1. A compound selected from Formula I, geometric or stereoisomers thereof, N-oxides thereof, and agriculturally suitable salts thereof, W is N or CR 9; X, Y and Z are independently N, CH or CR 9, provided that only one of X, Y and Z is CR 9; Q is O or S(O) n; R 1 and R 2 are independently H, halogen, cyano, C 1 -C 4 alkoxy, C 1 -C 4 haloalkoxy, C 2 -C 4 alkoxyalkyl, C 3 -C 5 dialkoxyalkyl, C 1 -C 4 alkyl, C 1 -C 4 haloalkyl, C 2 -C 4 alkoxyalkyl, C 3 -C 4 alkenyl, C 3 -C 4 alkynyl, C 3 -C 4 alkenyloxy, C 3 -C 4 alkynyloxy, S(O) n R 8, C 2 -C 4 alkylthioalkyl, C 2 -C 4 alkylsulfonylalkyl, C 1 -C 4 alkylamino or C 2 -C 4 dialkylamino; R 3 is C 1 -C 4 haloalkyl; R 4 is halogen, cyano, SF 5, C 1 -C 4 haloalkyl, C 1 -C 4 alkoxy, C 1 -C 4 haloalkoxy or S(O) n R 8; R 5 is H, halogen, cyano, SF 5, C 1 -C 4 haloalkyl, C 1 -C 4 alkoxy, C 1 -C 4 haloalkoxy or S(O) n R 8; R 6 is H, halogen, cyano, SF 5, C 1 -C 4 haloalkyl, C 1 -C 4 alkoxy, C 1 -C 4 haloalkoxy or S(O) n R 8; R 7 is halogen, cyano, SF 5, C 1 -C 4 haloalkyl, C 1 -C 4 alkoxy, C 1 -C 4 haloalkoxy or S(O) n R 8; each R 8 is independently C 1 -C 4 alkyl or C 1 -C 4 haloalkyl; each R 9 is independently halogen, cyano, C 1 -C 4 alkoxy, C 1 -C 4 haloalkoxy, C 1 -C 4 alkyl, C 1 -C 4 haloalkyl, C 2 -C 4 alkoxyalkyl, C 3 -C 4 alkenyl, C 3 -C 4 alkynyl, C 3 -C 4 alkenyloxy, C 3 -C 4 alkynyloxy or S(O) n R 8; R 10 is H, C 1 -C 4 alkyl or C 1 -C 4 haloalkyl; and each n is independently 0, 1 or 2. 2. A compound of claim 1 wherein: Q is O; R 1 and R 2 are independently H, C 1 -C 4 alkyl or C 1 -C 4 alkoxy. 3. A compound of claim 2 wherein: W is N; Y is CR 9; and R 5 is H. 4. A compound of claim 3 wherein: R 2 is H; and each R 4 is independently halogen, C 1 -C 4 haloalkyl, C 1 -C 4 haloalkoxy or C 1 -C 4 haloalkylthio. 5. The compound of claim 4 which is selected from the group: (a) 5-methyl4-[3-(trifluoromethyl)phenoxy]-2-[3-(trifluoromethyl)-1H-pyrazol-1-yl]pyrimidine; (b) 4-[3-(trifluoromethyl)phenoxy]-2-[3-(trifluoromethyl)-1H-pyrazol-1-yl]pyrimidine; (c) 5-methyl-4-[3-(trifluoromethoxy)phenoxy]-2-[4-(trifluoromethyl)-1H-imidazol-1-yl]pyrimidine; (d) 5-methyl-2-[3-(trifluoromethyl)-1H-pyrazol-1-yl]-4-[[6-(trifluoromethyl)-2-pyridinyl]oxy]pyrimidine; (e) 5-methyl-4-[3-(trifluoromethyl)phenoxy] -2-[3-(trifluoromethyl)-1H-1,2,4-triazol-1-yl]pyrimidine; (f) 5-methyl-2-[4-(trifluoromethyl)-1H-imidazol-1-yl]-4-[3-(trifluoromethyl)phenoxy]pyrimidine; (g) 5-ethyl-4-[3-(trifluoromethyl)phenoxy]-2-[3-(trifluoromethyl)-1H-pyrazol-1-yl]pyrimidine; (h) 5-ethyl-4-[3-(trifluoromethoxy)phenoxy]-2-[3-(trifluoromethyl)-1H-pyrazol-1-yl]pyrimidine; (i) 5-ethyl-2-[4-(trifluoromethyl)-1H-imidazol-1-yl]-4-[3-(trifluoromethyl)phenoxy]pyrimidine; and (j) 5-ethyl-4-[3-(trifluoromethoxy)phenoxy]-2-[4-(trifluoromethyl)-1H-imidazol-1-yl]pyrimidine. 6. A compound selected from Formula 1a and agriculturally suitable salts thereof, wherein X, Y and Z are independently N, CH or CR 9, provided that only one of X, Y and Z is CR 9; R 1 is H, C 1 -C 4 alkyl or C 1 -C 4 alkoxy; R 3 is C 1 -C 4 haloalkyl; each R 9 is independently halogen or cyano; and n is 0, 1 or2. 7. A compound of claim 6 wherein R 1 is C 1 -C 4 alkyl. 8. A herbicidal composition comprising a herbicidally effective amount of a compound of claim 1 and at least one of a surfactant, a solid diluent or a liquid diluent. 9. A method for controlling the growth of undesired vegetation comprising contacting the vegetation or its environment with a herbicidally effective amount of a compound of claim 1.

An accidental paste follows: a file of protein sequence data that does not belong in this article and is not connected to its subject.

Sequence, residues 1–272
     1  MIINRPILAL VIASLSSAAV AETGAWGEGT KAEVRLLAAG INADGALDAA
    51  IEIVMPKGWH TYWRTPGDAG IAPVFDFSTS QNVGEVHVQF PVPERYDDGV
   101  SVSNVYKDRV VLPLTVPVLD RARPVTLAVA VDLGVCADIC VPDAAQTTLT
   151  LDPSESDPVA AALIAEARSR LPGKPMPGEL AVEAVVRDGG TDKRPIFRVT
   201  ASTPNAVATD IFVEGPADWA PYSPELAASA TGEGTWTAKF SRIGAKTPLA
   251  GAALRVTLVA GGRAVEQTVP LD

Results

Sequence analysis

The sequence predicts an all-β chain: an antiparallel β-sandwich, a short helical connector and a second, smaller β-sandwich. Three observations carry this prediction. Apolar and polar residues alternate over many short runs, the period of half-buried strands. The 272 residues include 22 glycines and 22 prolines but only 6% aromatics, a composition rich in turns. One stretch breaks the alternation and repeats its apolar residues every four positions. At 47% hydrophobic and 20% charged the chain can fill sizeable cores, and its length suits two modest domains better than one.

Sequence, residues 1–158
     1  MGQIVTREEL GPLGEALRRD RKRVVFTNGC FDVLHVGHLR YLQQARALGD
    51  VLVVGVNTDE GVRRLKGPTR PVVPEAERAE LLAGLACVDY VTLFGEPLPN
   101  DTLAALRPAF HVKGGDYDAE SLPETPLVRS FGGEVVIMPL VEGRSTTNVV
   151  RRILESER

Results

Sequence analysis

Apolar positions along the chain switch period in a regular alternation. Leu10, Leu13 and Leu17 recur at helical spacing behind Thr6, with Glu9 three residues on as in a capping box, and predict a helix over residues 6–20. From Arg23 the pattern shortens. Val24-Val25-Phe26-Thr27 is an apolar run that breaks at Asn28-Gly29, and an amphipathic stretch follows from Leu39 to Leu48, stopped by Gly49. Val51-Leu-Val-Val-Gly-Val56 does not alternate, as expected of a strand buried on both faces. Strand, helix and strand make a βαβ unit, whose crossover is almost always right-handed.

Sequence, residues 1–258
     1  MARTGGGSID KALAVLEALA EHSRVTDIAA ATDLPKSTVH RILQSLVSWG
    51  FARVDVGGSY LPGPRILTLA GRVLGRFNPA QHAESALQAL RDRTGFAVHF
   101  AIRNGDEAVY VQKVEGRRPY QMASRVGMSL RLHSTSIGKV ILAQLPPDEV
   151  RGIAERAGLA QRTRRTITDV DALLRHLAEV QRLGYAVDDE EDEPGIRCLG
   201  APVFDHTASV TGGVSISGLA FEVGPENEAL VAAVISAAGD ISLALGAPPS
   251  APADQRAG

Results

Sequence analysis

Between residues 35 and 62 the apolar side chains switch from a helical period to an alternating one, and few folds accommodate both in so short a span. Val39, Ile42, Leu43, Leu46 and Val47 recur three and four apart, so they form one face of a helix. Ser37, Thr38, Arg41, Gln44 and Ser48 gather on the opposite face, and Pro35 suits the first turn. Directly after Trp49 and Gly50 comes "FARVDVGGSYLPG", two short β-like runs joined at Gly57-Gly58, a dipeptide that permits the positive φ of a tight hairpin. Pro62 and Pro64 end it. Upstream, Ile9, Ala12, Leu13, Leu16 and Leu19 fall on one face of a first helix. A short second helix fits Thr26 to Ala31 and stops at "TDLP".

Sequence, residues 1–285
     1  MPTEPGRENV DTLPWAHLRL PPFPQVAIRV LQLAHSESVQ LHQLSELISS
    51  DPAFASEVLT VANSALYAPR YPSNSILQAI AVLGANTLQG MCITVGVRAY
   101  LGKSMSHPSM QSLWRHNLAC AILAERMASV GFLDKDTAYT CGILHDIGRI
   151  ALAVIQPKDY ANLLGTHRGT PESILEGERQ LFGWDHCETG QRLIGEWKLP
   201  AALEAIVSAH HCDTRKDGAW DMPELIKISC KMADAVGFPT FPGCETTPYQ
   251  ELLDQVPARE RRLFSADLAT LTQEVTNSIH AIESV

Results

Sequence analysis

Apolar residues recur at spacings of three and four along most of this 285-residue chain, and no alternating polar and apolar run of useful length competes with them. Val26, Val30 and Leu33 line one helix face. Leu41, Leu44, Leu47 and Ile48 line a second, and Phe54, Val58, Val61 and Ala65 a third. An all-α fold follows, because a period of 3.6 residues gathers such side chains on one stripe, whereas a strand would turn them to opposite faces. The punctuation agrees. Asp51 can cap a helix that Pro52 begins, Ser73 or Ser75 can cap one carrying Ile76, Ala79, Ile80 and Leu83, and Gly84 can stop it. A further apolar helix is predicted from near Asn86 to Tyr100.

2. A compound of claim 1 wherein:

Q is O;
R 1 and R 2 are independently H, C 1 -C 4 alkyl or C 1 -C 4 alkoxy.

3. A compound of claim 2 wherein:

W is N;
Y is CR 9; and
R 5 is H.

4. A compound of claim 3 wherein: